A Quick Intro to PCI DSS (Payment Card Industry Data Security Standard)

Author: Joseph Jachimiec, Security Administrator

With over 9,300 security breaches recorded since 2005, and a whopping 10.4 billion records estimated stolen (source: privacyrights.org), it’s essential for businesses to follow a reliable security framework to guide their information security programs.

One such framework is the Payment Card Industry Data Security Standard (PCI DSS).

In this post, we’ll take a quick look at how PCI DSS started. We’ll also define “cardholder data” and touch on the 12 requirements of the standard.

PCI DSS Overview and History

PCI DSS was introduced in 2004 by the five major credit card companies: American Express, Discover Financial Services, JCB, MasterCard, and Visa.

Before joining forces, each company had internal security programs to combat rampant credit card fraud and breaches. They formed the Payment Card Industry Security Standards Council (PCI SSC) to establish a common standard. Additionally, they needed to solve the interoperability problems of individual programs.

From this group, the PCI Data Security Standard was born. It’s aim? To reduce credit card fraud and to give guidance for controls around cardholder data. To this day, the PCI Council acts as the governing body for the PCI Standard.

PCI DSS has been through many iterations since version 1.0 in 2004. Major updates to the standard were released in October 2010 (version 2.0) and November 2013 (version 3.0). At the time of this writing, version 3.2.1 is the most current, released in May 2018.

The PCI DSS applies to any entity that accepts, processes, stores, or transmits cardholder data, including merchants and service providers.

What is Cardholder Data?

In short, cardholder data (and sensitive authentication data) is the good stuff that thieves are after. Here’s a breakdown from the version 3.2.1 documentation:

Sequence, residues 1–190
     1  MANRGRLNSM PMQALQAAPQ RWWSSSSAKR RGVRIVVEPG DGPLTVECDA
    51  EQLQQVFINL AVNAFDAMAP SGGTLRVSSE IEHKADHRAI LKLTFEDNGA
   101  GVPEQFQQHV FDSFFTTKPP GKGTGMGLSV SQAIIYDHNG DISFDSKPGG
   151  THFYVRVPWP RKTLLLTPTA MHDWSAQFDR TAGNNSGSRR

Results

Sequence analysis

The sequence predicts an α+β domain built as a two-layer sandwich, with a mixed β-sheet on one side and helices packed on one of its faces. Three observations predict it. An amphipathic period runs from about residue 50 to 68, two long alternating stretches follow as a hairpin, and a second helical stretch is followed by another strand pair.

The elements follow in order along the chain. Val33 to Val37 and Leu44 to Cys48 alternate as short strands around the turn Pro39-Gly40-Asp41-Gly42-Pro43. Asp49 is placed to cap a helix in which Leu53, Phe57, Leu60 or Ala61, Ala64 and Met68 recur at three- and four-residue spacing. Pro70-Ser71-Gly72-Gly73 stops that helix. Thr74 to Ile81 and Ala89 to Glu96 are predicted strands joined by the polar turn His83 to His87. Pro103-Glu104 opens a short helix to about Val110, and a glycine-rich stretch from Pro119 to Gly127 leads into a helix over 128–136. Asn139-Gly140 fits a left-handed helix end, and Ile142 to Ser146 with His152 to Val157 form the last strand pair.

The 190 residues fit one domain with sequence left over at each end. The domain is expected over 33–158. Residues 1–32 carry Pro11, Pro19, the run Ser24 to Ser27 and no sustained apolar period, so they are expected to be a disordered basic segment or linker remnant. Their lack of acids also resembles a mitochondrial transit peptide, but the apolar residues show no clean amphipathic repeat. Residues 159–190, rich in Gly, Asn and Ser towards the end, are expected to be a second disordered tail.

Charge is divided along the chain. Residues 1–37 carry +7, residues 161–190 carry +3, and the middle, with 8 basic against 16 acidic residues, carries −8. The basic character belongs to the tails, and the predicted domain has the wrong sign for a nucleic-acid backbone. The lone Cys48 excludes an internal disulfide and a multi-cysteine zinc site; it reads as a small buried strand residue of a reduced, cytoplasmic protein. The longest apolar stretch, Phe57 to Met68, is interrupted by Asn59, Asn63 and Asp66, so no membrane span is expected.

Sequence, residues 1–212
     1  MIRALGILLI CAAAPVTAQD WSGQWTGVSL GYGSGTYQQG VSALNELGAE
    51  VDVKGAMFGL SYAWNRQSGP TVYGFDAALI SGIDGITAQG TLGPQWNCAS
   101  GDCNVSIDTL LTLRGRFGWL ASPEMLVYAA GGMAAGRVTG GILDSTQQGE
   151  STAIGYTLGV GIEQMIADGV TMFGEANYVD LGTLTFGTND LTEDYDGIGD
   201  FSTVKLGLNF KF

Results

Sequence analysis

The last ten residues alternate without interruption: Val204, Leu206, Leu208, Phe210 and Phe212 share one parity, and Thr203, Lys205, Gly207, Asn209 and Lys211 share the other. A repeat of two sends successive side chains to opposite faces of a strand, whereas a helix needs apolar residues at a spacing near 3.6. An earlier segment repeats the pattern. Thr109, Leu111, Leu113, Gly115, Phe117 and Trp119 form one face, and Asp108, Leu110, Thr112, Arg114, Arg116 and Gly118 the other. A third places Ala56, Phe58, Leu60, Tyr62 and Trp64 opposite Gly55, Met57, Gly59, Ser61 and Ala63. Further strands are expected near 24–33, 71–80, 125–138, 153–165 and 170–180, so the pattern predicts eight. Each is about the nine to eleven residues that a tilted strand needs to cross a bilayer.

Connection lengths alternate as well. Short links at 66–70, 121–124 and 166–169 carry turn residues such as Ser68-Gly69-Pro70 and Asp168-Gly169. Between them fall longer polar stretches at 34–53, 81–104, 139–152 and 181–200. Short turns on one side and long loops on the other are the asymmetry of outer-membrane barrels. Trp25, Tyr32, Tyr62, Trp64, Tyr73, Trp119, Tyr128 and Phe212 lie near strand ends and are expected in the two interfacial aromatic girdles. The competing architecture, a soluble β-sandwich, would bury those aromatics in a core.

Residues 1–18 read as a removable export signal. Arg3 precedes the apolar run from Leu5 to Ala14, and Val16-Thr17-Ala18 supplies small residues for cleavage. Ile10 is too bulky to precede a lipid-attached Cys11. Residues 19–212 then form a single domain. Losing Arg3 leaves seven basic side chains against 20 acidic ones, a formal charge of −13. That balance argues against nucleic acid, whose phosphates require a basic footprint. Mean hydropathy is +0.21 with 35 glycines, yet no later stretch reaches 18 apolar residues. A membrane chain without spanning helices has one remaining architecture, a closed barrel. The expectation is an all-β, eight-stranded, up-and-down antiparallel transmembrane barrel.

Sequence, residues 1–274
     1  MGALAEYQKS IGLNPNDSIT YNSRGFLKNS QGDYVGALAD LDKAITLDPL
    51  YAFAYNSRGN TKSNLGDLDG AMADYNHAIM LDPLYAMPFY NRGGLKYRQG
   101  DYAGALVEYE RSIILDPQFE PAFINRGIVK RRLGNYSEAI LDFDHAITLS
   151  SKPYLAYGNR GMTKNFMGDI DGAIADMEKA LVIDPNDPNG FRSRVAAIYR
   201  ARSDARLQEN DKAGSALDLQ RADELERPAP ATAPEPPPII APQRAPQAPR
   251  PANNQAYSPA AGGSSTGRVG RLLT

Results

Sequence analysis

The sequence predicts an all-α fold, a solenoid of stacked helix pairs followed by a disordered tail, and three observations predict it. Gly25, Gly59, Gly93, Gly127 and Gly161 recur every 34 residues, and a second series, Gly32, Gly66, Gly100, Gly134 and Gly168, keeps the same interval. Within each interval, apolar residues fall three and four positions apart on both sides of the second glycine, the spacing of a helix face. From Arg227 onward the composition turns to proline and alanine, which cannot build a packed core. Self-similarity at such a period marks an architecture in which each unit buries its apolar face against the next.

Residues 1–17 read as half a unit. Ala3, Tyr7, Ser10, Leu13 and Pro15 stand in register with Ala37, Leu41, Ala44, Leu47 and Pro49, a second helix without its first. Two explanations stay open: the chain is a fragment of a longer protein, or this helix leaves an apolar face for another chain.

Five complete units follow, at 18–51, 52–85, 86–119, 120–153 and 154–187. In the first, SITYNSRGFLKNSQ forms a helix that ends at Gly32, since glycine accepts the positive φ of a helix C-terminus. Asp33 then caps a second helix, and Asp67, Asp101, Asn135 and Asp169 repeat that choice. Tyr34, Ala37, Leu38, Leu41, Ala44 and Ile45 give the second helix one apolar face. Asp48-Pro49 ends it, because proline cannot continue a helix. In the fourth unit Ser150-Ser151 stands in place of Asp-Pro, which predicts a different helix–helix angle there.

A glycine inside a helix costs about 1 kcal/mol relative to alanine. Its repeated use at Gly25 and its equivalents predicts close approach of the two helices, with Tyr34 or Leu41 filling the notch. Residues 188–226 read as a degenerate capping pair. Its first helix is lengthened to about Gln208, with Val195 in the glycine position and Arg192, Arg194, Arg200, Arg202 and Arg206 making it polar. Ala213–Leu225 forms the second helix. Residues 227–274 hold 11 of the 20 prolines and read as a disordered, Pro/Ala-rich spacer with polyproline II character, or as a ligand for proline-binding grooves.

Table image of PCI DSS cardholder data and sensitive authentication data
Source: Payment Card Industry (PCI) Data Security Standard – Requirements and Security Assessment Procedures, Version 3.2.1, May 2018, page 7

Interesting fact: although PCI DSS permits cardholder data storage, sensitive authentication data storage is not allowed, even if encrypted.

To show where this data lives on a typical credit card, take a look at this image from the PCI DSS Quick Reference Guide:

Image of credit card front and back showing types of data for PCI DSS
Source: PCI DSS Quick Reference Guide – Understanding the Payment Card Industry Data Security Standard version 3.2.1, page 11

The PCI DSS Requirements

The PCI Data Security Standard breaks down into 12 compliance requirements within six goals:

Table image of PCI DSS goals and requirements
Source: PCI DSS Quick Reference Guide – Understanding the Payment Card Industry Data Security Standard version 3.2.1, page 9

As you can see, each requirement is a significant security undertaking for any company. When met though, these requirements mirror security best practices, protect cardholder/sensitive authentication data, and lead toward PCI DSS compliance and certification.

The PCI DSS documentation lays out guidance steps for each requirement. It also unveils the testing procedures that the PCI Qualified Security Assessor (PCI QSA) performs to confirm the requirements are in place. Consider it your PCI cheat sheet!


At Nahan, PCI DSS is just one of the security frameworks that guide our information security program. We’re proud to be PCI Compliant and Certified since 2016. Our annual PCI QSA audit verifies that we’re meeting all PCI DSS requirements to protect cardholder data.

To learn more about our PCI DSS compliance and to see our Attestation of Compliance, contact us today.

Joseph Jachimiec is a security, IT, and marketing professional. As the Security Administrator at Nahan, he heads up our information security program and is the go-to guy for our customer/third-party security audits and PCI, SOC 2, and HIPAA compliance initiatives. In his spare time, he dreams about what it would be like to have more spare time.

Image by TheDigitalWay from Pixabay